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23 d'abril de 2012

Do visitors destroy gardens?

Public gardens attract thousands of visitors each year, but do they destroy the pleasures of a garden?


The Telegraph (Regne Unit) [Crōnica]


Hide and seek: Sissinghurst attracts thousands of visitors

John Sales joined the National Trust in 1971 and served as the chief gardens adviser for 25 years before retiring in 1998. He has seen garden visiting change beyond recognition. Gardens are now by far the most popular items in the National Trust portfolio – more than half the people who join the National Trust do so at a garden.

But this surge in popularity, while welcome, brings its own problems. "It's fair to say that when the Trust acquired its gardens, it never anticipated this level of garden visiting," says Sales. With many more visitors coming from ever farther afield, space has to be found for car parks, refreshments and lavatories. "And the million-dollar question is how the needs of visitors can be balanced against garden conservation, how to make them welcome without destroying the very thing they have come to see."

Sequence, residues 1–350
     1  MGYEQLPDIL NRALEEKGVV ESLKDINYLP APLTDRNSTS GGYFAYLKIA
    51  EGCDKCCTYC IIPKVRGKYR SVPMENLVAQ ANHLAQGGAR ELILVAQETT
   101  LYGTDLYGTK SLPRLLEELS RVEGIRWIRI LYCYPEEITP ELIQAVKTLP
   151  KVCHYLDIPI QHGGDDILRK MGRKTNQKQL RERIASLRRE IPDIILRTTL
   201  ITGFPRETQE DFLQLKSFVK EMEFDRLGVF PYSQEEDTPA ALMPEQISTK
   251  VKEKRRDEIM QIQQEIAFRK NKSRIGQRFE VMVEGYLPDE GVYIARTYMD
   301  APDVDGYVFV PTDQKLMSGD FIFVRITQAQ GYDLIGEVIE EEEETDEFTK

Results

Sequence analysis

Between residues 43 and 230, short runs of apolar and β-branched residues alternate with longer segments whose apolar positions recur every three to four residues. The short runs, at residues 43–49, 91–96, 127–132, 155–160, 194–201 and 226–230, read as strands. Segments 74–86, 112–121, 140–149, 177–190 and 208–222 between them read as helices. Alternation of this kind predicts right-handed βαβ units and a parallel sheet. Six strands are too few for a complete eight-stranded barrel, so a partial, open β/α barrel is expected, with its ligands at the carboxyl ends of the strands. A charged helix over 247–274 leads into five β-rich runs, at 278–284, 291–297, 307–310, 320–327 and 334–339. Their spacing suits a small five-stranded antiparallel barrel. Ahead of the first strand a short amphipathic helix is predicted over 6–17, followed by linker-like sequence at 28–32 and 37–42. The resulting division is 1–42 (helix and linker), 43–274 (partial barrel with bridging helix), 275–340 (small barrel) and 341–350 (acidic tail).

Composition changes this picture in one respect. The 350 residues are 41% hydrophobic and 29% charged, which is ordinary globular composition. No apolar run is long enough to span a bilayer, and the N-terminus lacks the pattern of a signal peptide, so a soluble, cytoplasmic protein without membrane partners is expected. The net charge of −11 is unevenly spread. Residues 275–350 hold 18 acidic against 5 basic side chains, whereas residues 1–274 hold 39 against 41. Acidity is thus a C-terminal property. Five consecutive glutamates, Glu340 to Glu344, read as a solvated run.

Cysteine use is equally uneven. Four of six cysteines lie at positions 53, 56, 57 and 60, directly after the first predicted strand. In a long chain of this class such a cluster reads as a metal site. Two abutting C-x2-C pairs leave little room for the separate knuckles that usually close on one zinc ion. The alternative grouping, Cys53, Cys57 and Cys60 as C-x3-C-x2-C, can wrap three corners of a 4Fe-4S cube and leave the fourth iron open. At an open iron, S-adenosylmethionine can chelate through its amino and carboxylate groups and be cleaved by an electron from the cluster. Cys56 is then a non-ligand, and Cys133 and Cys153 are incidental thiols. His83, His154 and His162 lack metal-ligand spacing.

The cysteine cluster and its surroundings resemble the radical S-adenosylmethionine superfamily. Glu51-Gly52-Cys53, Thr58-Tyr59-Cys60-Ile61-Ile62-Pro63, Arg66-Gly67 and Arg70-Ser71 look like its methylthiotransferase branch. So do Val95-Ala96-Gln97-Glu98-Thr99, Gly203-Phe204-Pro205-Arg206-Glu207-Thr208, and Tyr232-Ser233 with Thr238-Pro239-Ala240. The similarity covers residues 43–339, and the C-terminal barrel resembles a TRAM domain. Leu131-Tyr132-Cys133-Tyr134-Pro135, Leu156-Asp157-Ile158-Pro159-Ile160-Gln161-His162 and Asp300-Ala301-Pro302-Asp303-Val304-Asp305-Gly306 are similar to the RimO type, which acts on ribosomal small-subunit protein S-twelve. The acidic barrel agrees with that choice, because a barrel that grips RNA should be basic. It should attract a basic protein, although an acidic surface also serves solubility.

Choices always have to be made – many feet will wear out grassy paths, but replace them with gravel or Tarmac, and you radically alter a garden's character. Visitor safety is paramount, but who wants to see every pond fenced? People need to sit, but too many benches will make the garden look like a public park: "Little decisions can gradually create a creeping municipalisation that undermines the atmosphere of the garden."

The role of staff and volunteers is also a delicate one. On the one hand, gardeners are delighted when visitors show an interest in their work. On the other, most National Trust gardens require a very high standard of upkeep, and there are rarely enough hands for the task. If a gardener is constantly stopping to chat, some vital task may not be performed that day. Volunteers, while invaluable, don't generally have the skills of a professional.

In some gardens at peak times, Sales says, the press of visitors is such that, "It's difficult to see what pleasure can be derived from it, let alone any understanding of the garden and how it was made, who made it, and why it is different from any other garden.

"The only way around it is either to price people out, which is unacceptable to the Trust, or to introduce timed tickets, which the public hate."


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